"The Court: The Court has had an opportunity to review and go over the deposition of Dr. Verstandig and relate it to the issues in this case and also study the method by which the testimony of Dr. Verstandig was elicited in the deposition. "The Court finds that in all critical times when Dr. Verstandig is laying the basis of his opinions as to his analysis of the x-rays and the opinions that he derives from that analysis, that he's pointing to various x-rays with the words here, here, here. "The word `here' appears many times in his testimony, but there is little or none of any recording of what exactly the doctor was pointing to. Certainly, at best we know he was pointing to an x-ray and — but the point is we are not sure from the record where in the x-ray that he is pointing with any exactitude. "With that in mind, if we were to present this deposition to the jury, what we would do presumably is put up an x-ray on the view box and then proceed to `here, here, here and here' without anyone being able to point as — to the jury as to what the doctor is testifying to or to what he is pointing. "It would seem to me at that point that the jury then could use its own surmise, conjecture, etc., to understand what it was the doctor was referring to and it would be relatively difficult if not impossible for the defense, which do have the right to put up a defense, to counter the material that was elicited from Dr. Verstandig since we would never be certain, even if we put an expert on the stand, that his here was the same here as Dr. Verstandig's here; and therefore there would be an arguable question as to the accuracy of either opinion of Dr. Verstandig as expressed from the record and the countervailing opinion of any expert that was presented by the defendants since arguably one could be talking in the vernacular about oranges and the other about apples. "And they would never really be sure that the jury was getting an accurate representation or at least an understanding of the representations of Dr. Verstandig or an accurate representation of the defenses being raised to the testimony in the opinions of Dr. Verstandig. "It's very unfortunate that the Court cannot find the ability in its opinion to allow this particular deposition in. Obviously one of the points that the Court shall appreciate, the importance of all what the plaintiff may consider relevant evidence into the case; however, the Court finds that in this particular case, although the ultimate opinions may be relevant to the issues in the case, the foundation for those opinions are not properly presented in the record that is presentable to a trier of fact especially in such a sophisticated area as a medical malpractice case. "This is not a situation where its — the issue is who went through the red light and in the vernacular of the plan, somebody has testified to those areas which are more or less of common knowledge, but need only the explanation of the observations. This is a combination of observations and professional opinion and the Court, therefore, concludes that with empathy to the plaintiffs, that the entire document cannot be admitted and read to the trier of fact, the jury."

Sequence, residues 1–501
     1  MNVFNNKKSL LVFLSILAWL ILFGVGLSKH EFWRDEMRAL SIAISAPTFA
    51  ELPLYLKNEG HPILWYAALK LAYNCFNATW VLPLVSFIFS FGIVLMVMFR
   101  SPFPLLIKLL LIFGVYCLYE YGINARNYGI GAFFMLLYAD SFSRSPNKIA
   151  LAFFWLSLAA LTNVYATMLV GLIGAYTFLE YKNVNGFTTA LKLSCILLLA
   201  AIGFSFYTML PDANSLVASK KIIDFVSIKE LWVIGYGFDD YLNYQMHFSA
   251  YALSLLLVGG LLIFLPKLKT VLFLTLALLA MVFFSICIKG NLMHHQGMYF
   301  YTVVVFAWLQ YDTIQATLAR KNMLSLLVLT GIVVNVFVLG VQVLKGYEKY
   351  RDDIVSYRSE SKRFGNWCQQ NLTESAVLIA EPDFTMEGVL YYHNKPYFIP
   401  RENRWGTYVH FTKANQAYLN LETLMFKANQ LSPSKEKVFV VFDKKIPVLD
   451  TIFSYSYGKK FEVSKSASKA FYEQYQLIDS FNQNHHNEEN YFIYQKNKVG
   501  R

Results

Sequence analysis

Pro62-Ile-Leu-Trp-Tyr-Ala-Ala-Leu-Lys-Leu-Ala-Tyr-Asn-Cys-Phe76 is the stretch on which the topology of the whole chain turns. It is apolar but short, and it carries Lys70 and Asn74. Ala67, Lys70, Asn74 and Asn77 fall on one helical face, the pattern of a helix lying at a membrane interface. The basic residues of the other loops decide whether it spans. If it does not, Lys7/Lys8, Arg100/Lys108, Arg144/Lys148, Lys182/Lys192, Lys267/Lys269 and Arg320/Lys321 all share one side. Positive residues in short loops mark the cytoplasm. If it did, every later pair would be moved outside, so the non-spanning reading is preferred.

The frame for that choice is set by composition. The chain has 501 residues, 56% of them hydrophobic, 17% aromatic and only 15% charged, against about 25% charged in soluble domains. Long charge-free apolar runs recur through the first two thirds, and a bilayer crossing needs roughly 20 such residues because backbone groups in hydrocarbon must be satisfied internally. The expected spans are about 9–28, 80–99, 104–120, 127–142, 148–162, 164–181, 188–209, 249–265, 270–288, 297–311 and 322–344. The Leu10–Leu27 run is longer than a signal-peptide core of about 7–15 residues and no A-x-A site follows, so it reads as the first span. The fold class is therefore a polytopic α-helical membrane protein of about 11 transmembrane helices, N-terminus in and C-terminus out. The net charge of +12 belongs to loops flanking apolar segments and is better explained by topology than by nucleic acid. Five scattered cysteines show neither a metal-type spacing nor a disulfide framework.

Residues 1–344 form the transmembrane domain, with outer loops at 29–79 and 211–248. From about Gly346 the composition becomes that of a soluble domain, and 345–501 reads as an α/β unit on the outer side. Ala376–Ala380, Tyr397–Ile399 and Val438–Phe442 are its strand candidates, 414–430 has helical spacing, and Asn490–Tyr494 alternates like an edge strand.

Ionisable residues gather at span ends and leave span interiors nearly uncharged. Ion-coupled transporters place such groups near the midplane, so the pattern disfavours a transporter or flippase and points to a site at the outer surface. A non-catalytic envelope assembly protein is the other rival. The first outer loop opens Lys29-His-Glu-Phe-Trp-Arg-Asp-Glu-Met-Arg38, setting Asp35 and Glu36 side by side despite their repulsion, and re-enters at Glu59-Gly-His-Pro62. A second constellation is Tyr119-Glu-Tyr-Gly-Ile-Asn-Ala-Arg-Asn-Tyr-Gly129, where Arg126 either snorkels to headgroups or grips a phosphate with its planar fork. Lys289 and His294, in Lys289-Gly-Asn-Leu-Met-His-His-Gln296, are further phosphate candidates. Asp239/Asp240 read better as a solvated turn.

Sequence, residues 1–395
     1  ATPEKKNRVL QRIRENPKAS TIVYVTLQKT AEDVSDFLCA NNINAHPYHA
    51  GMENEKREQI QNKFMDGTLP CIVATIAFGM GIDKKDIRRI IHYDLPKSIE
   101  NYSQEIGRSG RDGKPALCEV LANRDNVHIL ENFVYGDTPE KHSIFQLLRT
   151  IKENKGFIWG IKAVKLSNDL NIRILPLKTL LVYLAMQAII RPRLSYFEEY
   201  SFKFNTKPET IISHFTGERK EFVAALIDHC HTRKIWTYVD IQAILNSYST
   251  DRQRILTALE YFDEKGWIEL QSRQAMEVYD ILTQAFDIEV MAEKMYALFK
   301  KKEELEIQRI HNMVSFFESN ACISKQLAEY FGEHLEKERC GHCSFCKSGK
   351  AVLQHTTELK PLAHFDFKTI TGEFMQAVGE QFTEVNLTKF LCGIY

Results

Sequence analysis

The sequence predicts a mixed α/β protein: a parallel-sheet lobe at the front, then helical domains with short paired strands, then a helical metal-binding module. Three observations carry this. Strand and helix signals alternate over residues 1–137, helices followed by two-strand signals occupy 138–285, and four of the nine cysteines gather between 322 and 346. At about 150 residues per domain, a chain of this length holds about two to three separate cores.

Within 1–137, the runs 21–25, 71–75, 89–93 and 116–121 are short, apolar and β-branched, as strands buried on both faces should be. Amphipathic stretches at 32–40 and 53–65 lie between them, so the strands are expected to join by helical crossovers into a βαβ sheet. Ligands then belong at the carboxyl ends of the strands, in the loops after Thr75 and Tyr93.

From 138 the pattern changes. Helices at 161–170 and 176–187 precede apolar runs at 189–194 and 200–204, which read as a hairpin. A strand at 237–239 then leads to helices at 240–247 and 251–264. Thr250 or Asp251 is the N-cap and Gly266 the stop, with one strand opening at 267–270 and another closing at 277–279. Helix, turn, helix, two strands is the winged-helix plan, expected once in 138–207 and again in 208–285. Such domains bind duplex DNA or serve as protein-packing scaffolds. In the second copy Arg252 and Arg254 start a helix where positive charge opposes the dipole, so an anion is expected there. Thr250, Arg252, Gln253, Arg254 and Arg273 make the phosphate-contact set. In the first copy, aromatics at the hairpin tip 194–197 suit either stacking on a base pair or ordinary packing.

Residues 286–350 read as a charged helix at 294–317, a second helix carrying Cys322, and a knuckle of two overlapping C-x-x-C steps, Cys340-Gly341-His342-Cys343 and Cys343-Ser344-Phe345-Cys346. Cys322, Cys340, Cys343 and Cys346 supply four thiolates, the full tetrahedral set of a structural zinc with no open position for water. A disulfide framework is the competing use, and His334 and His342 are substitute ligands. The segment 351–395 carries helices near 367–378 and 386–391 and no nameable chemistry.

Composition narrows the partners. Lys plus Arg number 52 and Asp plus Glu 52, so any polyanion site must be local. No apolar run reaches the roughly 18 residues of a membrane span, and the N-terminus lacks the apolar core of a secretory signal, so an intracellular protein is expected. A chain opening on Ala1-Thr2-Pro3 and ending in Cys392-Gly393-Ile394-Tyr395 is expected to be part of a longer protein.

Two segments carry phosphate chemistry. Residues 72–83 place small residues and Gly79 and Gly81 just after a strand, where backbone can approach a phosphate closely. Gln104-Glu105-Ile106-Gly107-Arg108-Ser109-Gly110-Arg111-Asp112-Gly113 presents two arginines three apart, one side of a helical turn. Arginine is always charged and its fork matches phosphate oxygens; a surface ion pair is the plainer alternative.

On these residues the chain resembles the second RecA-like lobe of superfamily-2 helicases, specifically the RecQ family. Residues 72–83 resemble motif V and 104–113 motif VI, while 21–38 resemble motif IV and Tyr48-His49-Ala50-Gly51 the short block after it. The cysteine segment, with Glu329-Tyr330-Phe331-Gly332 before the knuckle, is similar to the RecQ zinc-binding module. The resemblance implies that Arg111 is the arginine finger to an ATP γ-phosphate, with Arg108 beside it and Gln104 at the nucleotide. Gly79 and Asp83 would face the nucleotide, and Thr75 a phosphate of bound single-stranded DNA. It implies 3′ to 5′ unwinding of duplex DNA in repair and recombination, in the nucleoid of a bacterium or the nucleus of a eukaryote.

Notwithstanding, the plaintiffs claim that the court abused its discretion in making such an evidentiary ruling. "On appeal, the trial court's rulings on the admissibility of evidence are accorded great deference. State v. Sharpe, 195 Conn. 651, 658-59, 491 A.2d 345 (1985); State v. Piskorski, 177 Conn. 677, 695, 419 A.2d 866, cert. denied, 444 U.S. 935, 100 S.Ct. 283, 62 L.Ed.2d 194 (1979). Rulings on such matters will be disturbed only upon a showing of clear abuse of discretion. State v. Falcon, 196 Conn. 557, 566, 494 A.2d 1190 (1985)." State v. Boucino, 199 Conn. 207, 225, 506 A.2d 125 (1986). The party making the claim of error has the burden of showing that the court clearly abused its discretion. Collens v. New Canaan Water Co., 155 Conn. 477, 495, 234 A.2d 825 (1967); State v. DeMartin, 153 Conn. 708, 710, 216 A.2d 204 (1965); Shaywitz v. Singing Oaks Day Camp, Inc., 8 Conn. App. 71, 73, 510 A.2d 1013 (1986). The plaintiffs here have failed to support their claim. In light of the court's thorough review of the deposition and the apparent lack `of clarity exhibited by the deposition itself, the court was clearly acting within its discretion in ruling the deposition inadmissible.